I don’t think anyone here would suggest that any news outlet should be barred from taking an editorial stance on any issue at any time, or advocating for any candidate at any time, whether it is during an election campaign or not.

Yet let’s not forget: Corporations like PostMedia and TorStar are corporations just as much as RBC and Imperial Oil are. So why should political messaging by news outlets, which they pay for by selling advertising, be exempt?

If my union wants to talk about more funding for public services during an election campaign, it is entirely possible that there will be candidates who want less funding for public services. But that doesn’t mean we’re campaigning against them. And even if we are, who is to say?

As far as third-party advertising, the government needs to go back to the drawing board with Bill 181. This bill is a mess on that score.

With respect to contribution limits, a couple of points need to be made.

First of all, allowing people to donate a maximum of $750 to a candidate is setting the limit too high.

Very few of my members could afford to donate anywhere near that amount. I would advise knocking it down to $200.

In the United States, Bernie Sanders has demonstrated that it is possible to be competitive in any election if your appeal is broad enough to attract a large number of small donations. I think we want to encourage that kind of broad participation in our municipal elections.

I don’t agree with allowing the candidate and his or her spouse to be exempt from contribution limits.

I wouldn’t mind if there were a different, higher contribution limit for candidates and their spouses. As I said earlier, I’ve been a candidate. You are always paying for gas or picking up incidental expenses for the campaign. That being said, I don’t think the contribution limit for candidates and spouses should be too high. Around $5,000 should be adequate.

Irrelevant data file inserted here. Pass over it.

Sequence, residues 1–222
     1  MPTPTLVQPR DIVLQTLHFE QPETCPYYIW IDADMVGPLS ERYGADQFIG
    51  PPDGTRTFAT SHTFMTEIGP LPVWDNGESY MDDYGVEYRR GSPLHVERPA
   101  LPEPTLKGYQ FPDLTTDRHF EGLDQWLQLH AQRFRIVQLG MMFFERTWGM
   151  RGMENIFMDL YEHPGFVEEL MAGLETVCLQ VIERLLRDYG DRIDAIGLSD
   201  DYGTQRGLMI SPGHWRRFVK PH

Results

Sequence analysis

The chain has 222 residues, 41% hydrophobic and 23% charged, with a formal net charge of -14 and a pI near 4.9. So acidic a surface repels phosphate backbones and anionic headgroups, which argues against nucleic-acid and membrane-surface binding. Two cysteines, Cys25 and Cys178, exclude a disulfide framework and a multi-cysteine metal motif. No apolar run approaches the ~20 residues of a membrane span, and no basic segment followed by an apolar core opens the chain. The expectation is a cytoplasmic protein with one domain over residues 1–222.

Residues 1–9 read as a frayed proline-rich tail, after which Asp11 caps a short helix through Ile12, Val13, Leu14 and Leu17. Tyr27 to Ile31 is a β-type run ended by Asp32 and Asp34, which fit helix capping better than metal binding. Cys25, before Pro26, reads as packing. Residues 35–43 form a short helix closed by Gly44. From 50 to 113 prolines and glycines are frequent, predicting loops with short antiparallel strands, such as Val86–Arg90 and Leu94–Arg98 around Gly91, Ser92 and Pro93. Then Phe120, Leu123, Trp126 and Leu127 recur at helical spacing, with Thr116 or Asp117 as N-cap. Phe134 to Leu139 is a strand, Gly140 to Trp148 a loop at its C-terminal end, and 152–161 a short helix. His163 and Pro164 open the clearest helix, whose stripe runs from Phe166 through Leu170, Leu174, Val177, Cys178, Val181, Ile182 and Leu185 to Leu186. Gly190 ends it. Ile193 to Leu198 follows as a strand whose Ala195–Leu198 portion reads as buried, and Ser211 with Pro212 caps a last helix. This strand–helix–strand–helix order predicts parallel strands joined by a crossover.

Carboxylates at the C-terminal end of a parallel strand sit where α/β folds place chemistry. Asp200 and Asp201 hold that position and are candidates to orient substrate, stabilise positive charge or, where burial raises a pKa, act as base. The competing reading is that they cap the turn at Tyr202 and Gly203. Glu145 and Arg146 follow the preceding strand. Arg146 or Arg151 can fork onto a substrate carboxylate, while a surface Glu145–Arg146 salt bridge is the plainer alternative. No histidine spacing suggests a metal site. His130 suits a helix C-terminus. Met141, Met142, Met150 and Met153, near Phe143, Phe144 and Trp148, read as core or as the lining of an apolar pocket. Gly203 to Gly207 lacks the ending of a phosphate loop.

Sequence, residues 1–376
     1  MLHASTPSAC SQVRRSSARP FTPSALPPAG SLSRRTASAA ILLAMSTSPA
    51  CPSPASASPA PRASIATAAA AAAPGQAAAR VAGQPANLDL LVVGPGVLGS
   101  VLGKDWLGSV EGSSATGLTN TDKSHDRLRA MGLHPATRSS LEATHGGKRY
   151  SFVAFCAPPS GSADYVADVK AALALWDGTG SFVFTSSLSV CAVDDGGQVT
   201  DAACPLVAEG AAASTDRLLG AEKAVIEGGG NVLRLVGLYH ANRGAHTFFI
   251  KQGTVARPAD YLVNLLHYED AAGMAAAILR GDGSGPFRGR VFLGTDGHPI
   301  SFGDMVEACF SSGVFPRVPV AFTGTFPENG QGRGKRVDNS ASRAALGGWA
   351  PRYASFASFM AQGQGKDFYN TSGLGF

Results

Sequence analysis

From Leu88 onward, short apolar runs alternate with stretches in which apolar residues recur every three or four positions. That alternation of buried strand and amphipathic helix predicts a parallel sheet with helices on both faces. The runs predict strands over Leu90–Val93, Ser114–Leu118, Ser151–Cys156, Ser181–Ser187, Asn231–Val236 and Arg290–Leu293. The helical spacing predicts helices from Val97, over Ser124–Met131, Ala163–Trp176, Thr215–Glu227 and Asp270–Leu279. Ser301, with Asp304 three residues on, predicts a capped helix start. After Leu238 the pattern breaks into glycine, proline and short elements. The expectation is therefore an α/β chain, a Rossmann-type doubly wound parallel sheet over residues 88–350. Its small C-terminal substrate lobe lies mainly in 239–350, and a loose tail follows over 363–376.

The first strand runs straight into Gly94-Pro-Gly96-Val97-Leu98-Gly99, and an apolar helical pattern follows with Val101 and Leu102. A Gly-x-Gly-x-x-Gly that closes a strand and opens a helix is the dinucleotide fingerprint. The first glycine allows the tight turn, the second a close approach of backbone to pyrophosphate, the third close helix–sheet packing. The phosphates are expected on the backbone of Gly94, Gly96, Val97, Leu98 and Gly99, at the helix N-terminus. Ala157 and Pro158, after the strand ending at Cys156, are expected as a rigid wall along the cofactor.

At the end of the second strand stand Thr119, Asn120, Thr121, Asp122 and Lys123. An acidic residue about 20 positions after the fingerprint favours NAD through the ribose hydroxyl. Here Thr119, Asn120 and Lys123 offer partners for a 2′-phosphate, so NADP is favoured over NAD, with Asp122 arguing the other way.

Without a limit, you get the Donald Trump scenario, where any campaign platform can be put forward – no matter how absurd it is – if the candidate is rich enough to pay for it.

With respect to ranked-ballot elections, we are in favour of allowing municipalities to decide whether they want to go that route. We have a couple of reasons for this.

The first is that ranked-ballot elections are suitable for elections where people are voting for individuals, not parties. In OPSEU we use ranked-ballot voting all the time, and it works fine.

The second reason to support ranked-ballot voting is that we need to shake up our electoral systems at the provincial and federal levels, and I believe that if people have more experience with a different system at the local level then they are likely to be more open to change.

Having said that, I think it is blatantly obvious that ranked-ballot voting is not appropriate in a system based on political parties.

In a party system, what we really need is proportional representation, and ranked balloting does nothing to ensure proportionality. In some cases it may even distort voter intentions worse than our current first-past-the-post system does.

One problem I see with Bill 181 is that there are too many grey areas with respect to how ranked-ballot elections would work. Bill 181 proposes that the details of how ranked balloting will work will be set out in regulation. I don’t see why those regulations, which will receive no public attention or scrutiny, cannot be included in the bill, and I would encourage this committee to recommend that.

Given the vagueness in the current bill, I would definitely recommend a change to require that any municipality that opts to change its voting system must hold a referendum of citizens prior to making the change.

As my final point today, I would like to acknowledge the government’s effort, in this bill, to make it easier for Ontarians with disabilities to participate in municipal elections, whether as voters or as candidates. I think that’s a really important move, and I congratulate the government on including it.

We would be pleased to take your questions now.

Supplementary submission

to the Standing Committee on Finance and Economic Affairs re: Bill 181, the Municipal Elections Modernization Act, 2016

Ontario Public Service Employees Union
May 12, 2016

At the request of the committee, OPSEU submits the following comments on Bill 181. These comments are in addition to those presented in person by OPSEU President Warren (Smokey) Thomas before the committee at 9:00 a.m. on May 12, 2016.